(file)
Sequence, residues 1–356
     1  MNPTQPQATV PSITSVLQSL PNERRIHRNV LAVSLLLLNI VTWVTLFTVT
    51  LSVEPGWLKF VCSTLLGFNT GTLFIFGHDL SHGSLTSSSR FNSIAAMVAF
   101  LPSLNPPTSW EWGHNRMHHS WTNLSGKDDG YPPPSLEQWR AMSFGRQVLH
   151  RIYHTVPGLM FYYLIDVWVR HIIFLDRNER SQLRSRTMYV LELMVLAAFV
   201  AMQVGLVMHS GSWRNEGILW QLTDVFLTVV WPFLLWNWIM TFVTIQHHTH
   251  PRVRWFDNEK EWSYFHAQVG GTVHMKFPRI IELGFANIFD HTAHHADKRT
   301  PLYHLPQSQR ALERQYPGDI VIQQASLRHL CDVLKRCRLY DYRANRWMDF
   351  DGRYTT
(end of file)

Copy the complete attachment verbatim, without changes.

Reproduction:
Sequence, residues 1–356
     1  MNPTQPQATV PSITSVLQSL PNERRIHRNV LAVSLLLLNI VTWVTLFTVT
    51  LSVEPGWLKF VCSTLLGFNT GTLFIFGHDL SHGSLTSSSR FNSIAAMVAF
   101  LPSLNPPTSW EWGHNRMHHS WTNLSGKDDG YPPPSLEQWR AMSFGRQVLH
   151  RIYHTVPGLM FYYLIDVWVR HIIFLDRNER SQLRSRTMYV LELMVLAAFV
   201  AMQVGLVMHS GSWRNEGILW QLTDVFLTVV WPFLLWNWIM TFVTIQHHTH
   251  PRVRWFDNEK EWSYFHAQVG GTVHMKFPRI IELGFANIFD HTAHHADKRT
   301  PLYHLPQSQR ALERQYPGDI VIQQASLRHL CDVLKRCRLY DYRANRWMDF
   351  DGRYTT